Serving the campus of the University of Alabama since 1894

The Crimson White

Serving the campus of the University of Alabama since 1894

The Crimson White

Serving the campus of the University of Alabama since 1894

The Crimson White

McElroy aids in FocusFirst program


Some people may have been surprised to find Crimson Tide quarterback Greg McElroy holding a grinning child on his lap the Wednesday morning before the Duke game. The athlete sat in a faded cinder block building on 2nd Street to administer a vision screening test for the 100,000th child to participate in Impact Alabama’s FocusFirst Initiative. 

“I found out about FocusFirst a few weeks ago, and this is actually my first experience working with them,” McElroy said. “I feel really blessed to be a part of such an important milestone.”

FocusFirst opened its doors seven years ago to provide vision screening for children 16 months to 5 years old who come from low-income families in the state’s rural and urban areas and would not otherwise have access to treatment.

“We mainly focus on kids who are younger than school age, because the early years are so crucial in learning to read letters and numbers,” said Stephen Black, director of the Center for Ethics & Social Responsibility and founder of Impact Alabama. “Eleven percent of the children we screen are found to have vision problems.”

FocusFirst partners with the non-profit organization Sight Savers America, a group of optometrists and ophthalmologists who are willing to see low-income children for free in order to provide them with necessary treatment. FocusFirst screened 29,000 children in 2009 and hopes to screen 30,000 in the upcoming year, Black said.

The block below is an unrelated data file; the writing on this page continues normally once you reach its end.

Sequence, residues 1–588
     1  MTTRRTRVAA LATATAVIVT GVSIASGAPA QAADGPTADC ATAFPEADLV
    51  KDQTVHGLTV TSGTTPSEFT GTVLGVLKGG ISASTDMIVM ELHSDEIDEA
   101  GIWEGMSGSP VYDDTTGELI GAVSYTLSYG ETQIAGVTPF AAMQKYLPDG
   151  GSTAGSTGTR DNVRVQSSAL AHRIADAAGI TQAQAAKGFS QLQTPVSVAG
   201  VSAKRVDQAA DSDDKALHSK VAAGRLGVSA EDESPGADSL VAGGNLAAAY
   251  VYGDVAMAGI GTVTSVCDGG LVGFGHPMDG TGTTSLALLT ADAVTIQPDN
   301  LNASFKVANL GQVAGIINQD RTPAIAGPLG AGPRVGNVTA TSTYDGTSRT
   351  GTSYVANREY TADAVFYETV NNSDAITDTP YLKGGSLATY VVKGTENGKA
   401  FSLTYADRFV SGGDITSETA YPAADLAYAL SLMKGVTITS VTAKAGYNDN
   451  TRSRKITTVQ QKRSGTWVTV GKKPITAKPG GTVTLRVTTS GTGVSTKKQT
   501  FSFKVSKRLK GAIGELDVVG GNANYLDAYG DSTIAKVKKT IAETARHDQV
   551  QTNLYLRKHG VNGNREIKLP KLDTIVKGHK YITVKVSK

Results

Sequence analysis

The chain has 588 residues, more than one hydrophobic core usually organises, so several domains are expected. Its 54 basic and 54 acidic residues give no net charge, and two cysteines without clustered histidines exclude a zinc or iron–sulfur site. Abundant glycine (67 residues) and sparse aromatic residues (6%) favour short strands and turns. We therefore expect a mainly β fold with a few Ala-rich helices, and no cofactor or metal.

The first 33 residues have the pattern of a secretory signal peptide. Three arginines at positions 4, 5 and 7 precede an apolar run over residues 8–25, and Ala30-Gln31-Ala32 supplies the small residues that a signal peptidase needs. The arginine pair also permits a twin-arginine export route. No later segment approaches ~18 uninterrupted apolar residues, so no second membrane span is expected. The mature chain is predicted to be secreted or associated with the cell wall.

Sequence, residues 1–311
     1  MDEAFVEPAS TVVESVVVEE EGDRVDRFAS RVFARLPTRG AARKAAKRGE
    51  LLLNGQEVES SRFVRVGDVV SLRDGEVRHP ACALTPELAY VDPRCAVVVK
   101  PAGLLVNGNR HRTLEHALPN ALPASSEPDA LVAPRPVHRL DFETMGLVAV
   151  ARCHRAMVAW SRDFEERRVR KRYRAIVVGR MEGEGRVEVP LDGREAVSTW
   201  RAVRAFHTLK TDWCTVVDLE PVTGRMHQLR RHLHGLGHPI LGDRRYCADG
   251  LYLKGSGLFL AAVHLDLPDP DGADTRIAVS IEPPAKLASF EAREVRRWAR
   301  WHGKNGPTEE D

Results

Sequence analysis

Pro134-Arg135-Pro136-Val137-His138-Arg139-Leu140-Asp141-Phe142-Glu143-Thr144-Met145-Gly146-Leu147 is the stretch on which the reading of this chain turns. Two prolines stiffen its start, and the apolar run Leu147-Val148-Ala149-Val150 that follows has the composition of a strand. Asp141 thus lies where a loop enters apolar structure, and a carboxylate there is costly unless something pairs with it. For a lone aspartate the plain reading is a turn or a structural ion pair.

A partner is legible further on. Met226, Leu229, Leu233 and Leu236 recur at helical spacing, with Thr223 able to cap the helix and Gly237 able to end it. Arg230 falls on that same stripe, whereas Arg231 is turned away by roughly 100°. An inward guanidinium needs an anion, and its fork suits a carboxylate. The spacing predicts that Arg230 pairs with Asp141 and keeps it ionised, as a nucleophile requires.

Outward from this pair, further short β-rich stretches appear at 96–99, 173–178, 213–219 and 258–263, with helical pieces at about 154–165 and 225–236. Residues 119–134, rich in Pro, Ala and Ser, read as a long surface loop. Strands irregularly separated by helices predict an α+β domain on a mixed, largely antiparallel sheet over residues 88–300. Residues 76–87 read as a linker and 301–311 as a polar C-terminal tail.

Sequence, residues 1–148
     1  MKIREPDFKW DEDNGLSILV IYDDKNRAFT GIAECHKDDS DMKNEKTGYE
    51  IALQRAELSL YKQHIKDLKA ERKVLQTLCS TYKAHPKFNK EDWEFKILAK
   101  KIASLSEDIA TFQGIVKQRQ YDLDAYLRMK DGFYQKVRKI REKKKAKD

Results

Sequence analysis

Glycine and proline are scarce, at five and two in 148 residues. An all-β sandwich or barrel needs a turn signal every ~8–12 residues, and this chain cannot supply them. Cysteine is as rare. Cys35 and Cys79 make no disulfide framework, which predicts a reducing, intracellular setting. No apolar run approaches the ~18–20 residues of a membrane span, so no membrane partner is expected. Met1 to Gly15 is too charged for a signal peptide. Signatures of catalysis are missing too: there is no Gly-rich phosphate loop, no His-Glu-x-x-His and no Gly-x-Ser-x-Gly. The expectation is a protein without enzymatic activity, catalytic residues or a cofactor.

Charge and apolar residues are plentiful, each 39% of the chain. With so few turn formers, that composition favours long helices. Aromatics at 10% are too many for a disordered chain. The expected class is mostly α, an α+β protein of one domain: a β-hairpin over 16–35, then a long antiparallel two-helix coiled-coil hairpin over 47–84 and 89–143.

A distinctive aspect of FocusFirst is that college students perform most of the screenings under the supervision of staff members.

 “There are two sides to FocusFirst,” Black said. “We wanted to figure out a way to make a positive impact on the community and also get college students involved. Many students take for granted the ability to go see a doctor regularly.”

McElroy said he understands the significant role that good vision plays in everyday life, from reading a book to catching a football.

“I am very near sighted and almost legally blind,” McElroy said. “I understand how difficult it is to read when vision isn’t 100 percent. I thought it would be beneficial to take an hour out of my day to come help these kids.”

As the screening was performed, McElroy assisted five children, smiling and speaking encouraging words to them while their eyes were checked.

“Keep after your dreams, and work as hard as you possibly can,” McElroy said. “If you are willing to make the sacrifices necessary, then you should be able to accomplish anything you want to do.”

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